By Features Reporter – 27 December 2018
ANALYSIS – HARARE (Mining Index) – THE use of asbestos or asbestos containing materials will certainly cease within the construction sector, rendering asbestos deposits worthless.
Will Zimbabwe secure investors from countries like Brazil, Russia, India, China, Indonesia, Canada and the United States (although regulated by the US Environmental Protection Agency)that still use asbestos containing material?
Does Zimbabwe’s Shabani Mashaba Mines (SMM) still have a future considering the once import leaders of asbestos have restricted, and even banned use of asbestos due to the rise in extremely hazardous diseases, which accounts for more than 100 000 deaths throughout the world each year?
Referred to as a silent killer, whose effects take decades (up to 50 years), to manifest into a disease following exposure before development of several diseases including asbestosis, lung cancer and mesothelioma.
Global anti-asbestos lobbying has seen at least 55 countries including the entire European Union (EU), Australia and Japan banning use of asbestos in their countries. South Africa, which was the biggest importer of Zimbabwean asbestos also banned use of asbestos due to healthy challenges associated with the mineral.
Although analysts in Zimbabwe argue that the banned type of asbestos is not what is produced in Zimbabwe, will Zimbabwe still secure a market for its asbestos reserves?
Government announced there is a ready market for Zimbabwean asbestos on the international market in Asia, citing Russia, India and Kazakhstan, with reports made in 2017 indicating an Indian company was ready to buy 50 000 tonnes of Zimbabwean asbestos annually.
The former asbestos mining giant, owner of Shabani Mine in Zvishavane and King Mine in Mashaba were once rated the world’s sixth largest asbestos producer, produced 140 000 tonnes annually of fibre for asbestos against local consumption of 10 000 tonnes per year.
Shabani mine, which runs for about a kilometre into the ground, has an installed capacity of 70 000 tonnes while King Mine used to produce 75 000 tonnes of high grade asbestos fibre every year.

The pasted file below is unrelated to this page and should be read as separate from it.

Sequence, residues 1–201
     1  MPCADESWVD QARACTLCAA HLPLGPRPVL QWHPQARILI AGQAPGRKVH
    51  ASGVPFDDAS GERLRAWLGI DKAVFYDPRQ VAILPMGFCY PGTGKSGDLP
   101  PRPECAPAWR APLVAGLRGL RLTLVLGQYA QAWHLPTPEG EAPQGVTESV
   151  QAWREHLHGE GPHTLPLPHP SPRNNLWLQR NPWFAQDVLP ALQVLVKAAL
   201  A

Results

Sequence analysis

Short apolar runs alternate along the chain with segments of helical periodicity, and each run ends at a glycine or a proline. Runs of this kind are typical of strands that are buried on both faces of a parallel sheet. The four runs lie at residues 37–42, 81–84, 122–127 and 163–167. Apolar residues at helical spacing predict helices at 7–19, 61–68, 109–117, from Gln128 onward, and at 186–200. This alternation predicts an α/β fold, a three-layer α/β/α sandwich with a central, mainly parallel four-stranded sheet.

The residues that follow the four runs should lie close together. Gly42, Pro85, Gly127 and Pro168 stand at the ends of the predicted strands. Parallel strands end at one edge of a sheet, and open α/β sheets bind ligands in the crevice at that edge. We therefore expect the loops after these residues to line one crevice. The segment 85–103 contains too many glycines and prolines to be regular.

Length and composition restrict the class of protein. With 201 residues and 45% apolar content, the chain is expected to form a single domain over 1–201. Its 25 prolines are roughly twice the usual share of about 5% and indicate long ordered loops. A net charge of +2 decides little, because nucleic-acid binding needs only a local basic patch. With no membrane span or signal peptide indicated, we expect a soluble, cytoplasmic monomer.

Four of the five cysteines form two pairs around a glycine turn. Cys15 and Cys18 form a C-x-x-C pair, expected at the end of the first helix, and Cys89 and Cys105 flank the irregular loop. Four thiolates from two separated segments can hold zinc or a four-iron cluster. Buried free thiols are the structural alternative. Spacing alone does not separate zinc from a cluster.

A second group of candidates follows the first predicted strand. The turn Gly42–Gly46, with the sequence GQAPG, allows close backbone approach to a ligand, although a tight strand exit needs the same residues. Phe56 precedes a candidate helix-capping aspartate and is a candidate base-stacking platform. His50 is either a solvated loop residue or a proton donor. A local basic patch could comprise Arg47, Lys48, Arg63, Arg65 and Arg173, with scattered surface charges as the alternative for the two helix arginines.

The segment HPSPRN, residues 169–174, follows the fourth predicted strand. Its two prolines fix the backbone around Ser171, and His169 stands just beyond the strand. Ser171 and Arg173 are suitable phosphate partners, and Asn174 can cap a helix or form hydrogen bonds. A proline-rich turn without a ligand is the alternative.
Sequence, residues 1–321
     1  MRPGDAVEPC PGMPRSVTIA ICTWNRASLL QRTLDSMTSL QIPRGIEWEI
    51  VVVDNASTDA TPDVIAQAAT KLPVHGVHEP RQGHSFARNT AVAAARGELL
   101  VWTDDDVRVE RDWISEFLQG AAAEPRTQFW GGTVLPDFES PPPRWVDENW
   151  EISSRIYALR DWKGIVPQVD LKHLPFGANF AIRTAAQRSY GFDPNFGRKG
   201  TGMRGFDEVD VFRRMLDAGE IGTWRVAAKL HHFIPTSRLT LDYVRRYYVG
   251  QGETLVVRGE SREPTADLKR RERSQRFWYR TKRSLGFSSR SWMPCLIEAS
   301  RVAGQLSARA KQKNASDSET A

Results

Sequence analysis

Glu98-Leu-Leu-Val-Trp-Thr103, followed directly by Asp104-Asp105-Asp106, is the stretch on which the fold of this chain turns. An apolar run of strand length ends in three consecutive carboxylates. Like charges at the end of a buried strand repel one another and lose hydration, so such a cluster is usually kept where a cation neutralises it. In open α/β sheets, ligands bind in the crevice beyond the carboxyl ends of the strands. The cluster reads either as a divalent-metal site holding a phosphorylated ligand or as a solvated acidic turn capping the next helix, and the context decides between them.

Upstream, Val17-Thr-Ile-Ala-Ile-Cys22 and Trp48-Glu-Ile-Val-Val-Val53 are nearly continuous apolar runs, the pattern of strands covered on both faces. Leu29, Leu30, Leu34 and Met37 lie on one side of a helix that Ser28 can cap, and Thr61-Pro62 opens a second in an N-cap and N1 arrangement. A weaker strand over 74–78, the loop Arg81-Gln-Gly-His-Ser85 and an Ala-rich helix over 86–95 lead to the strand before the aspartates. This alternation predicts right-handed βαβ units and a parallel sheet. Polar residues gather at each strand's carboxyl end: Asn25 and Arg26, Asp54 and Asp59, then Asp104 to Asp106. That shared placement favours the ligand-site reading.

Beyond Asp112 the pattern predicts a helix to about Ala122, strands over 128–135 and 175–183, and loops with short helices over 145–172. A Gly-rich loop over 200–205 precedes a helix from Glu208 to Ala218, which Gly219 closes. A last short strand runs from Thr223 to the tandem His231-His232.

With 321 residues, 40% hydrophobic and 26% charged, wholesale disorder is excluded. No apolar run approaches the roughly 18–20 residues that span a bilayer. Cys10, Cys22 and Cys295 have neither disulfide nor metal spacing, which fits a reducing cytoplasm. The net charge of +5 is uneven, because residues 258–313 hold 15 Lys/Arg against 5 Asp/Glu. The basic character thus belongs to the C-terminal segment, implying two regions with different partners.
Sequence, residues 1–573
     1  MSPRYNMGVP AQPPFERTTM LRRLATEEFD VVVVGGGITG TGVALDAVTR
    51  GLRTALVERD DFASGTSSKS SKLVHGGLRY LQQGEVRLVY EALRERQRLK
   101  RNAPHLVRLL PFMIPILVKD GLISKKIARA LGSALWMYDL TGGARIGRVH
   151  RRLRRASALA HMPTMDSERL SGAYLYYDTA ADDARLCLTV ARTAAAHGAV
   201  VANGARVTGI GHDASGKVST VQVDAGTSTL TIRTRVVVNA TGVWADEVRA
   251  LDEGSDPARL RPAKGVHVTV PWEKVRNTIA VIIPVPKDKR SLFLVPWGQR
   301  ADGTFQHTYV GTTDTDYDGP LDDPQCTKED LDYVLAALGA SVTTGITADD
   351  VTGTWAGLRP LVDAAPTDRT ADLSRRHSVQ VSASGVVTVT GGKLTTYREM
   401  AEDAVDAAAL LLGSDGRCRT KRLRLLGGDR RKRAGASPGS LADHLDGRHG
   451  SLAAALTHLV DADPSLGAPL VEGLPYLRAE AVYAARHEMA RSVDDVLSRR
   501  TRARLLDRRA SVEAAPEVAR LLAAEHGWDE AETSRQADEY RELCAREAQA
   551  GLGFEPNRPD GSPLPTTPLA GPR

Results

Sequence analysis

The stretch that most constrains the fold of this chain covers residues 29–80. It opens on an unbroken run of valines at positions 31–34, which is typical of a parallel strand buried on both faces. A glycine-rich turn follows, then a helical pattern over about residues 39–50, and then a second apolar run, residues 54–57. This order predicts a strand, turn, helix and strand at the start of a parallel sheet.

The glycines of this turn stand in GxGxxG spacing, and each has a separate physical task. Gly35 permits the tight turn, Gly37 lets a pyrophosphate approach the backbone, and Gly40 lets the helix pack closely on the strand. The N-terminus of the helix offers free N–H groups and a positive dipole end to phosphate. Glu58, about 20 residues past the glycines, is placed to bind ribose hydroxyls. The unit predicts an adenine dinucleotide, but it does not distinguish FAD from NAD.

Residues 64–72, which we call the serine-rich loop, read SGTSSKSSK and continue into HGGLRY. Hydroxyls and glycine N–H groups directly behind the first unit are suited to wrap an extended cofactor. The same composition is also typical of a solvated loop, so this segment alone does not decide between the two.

With a 17-year lifespan operating at full capacity, SMM is projected to be sitting on US$1 billion worth of asbestos deposits, projected to earn Zimbabwe up to $180 million in export revenue annually, against an expenditure of US$5 million per annum in asbestos fibre imports from Russia and Brazil.
In May this year, Mines and Mining Development minister Winston Chitando said the resuscitation of Shabani Mine would see the asbestos mine going into the export market, contributing towards import substitution by about $3 million annually.
Once one of the largest producers of white asbestos after Russia, China and Brazil, Zimbabwe used to export asbestos to 50 countries.
Shabani Mine, which used to be one of the biggest employers in the Midlands, closed in 2004 due to a myriad of reasons. SMM closed in 2008, four years after government’s take-over, which seemed to have been the genesis of its productivity challenges as no meaningful production has been produced for export.
With years of lying idle, the two mines have succumbed to environmental pressures which have seen mining equipment worth millions of dollars trapped underground by rising water levels which have accumulated over the years, making transformers, conveyor belts, pumps, load-hauling machines, crushers and rock breakers redundant.
In June this year, Chirandu Dhlembeu SMM CEO revealed that SMM Holdings had made plans to inject US$75 million for Shabani and King mines aiming to reach full capacity of 120 000 tonnes of asbestos per annum. He further disclosed that $20 million was required for King Mine to operate at full capacity and a further $15 million to bring production to 75 000 tonnes while US$2 million was invested in Shabani with US$40 million additional capital required to grow capacity to 45 000 tonnes yearly.
In January this year, Reserve Bank of Zimbabwe (RBZ) chairperson Mrs Rita Likukuma had hinted efforts were underway to help SMM get access to required foreign currency for key mining equipment.
However, economic analysts cited that SMM has potential to self-fund its resuscitation program if the dump is processed and properly account for revenue generated to replace machinery and other operational activities.
SMM started the process of de-watering the mine shafts, to kick start the resuscitation program, a long process that can take up to one year.
Earlier this year, Minister Chitando noted that Government had not yet found an investor to help finance the recapitalisation of SMM, contrary to previous reports in which the former minister Walter Chidhakwa announced the coming on board of a Chinese investor, XCMG company that pledged a US$100 million loan to acquire mining equipment and to recapitalise Shabani and Mashaba mines in 2017.
In 2011, it was estimated that US$200 million was required to recapitalise SMM which used to employ around 7 000 workers at the height of its operations. ENDS//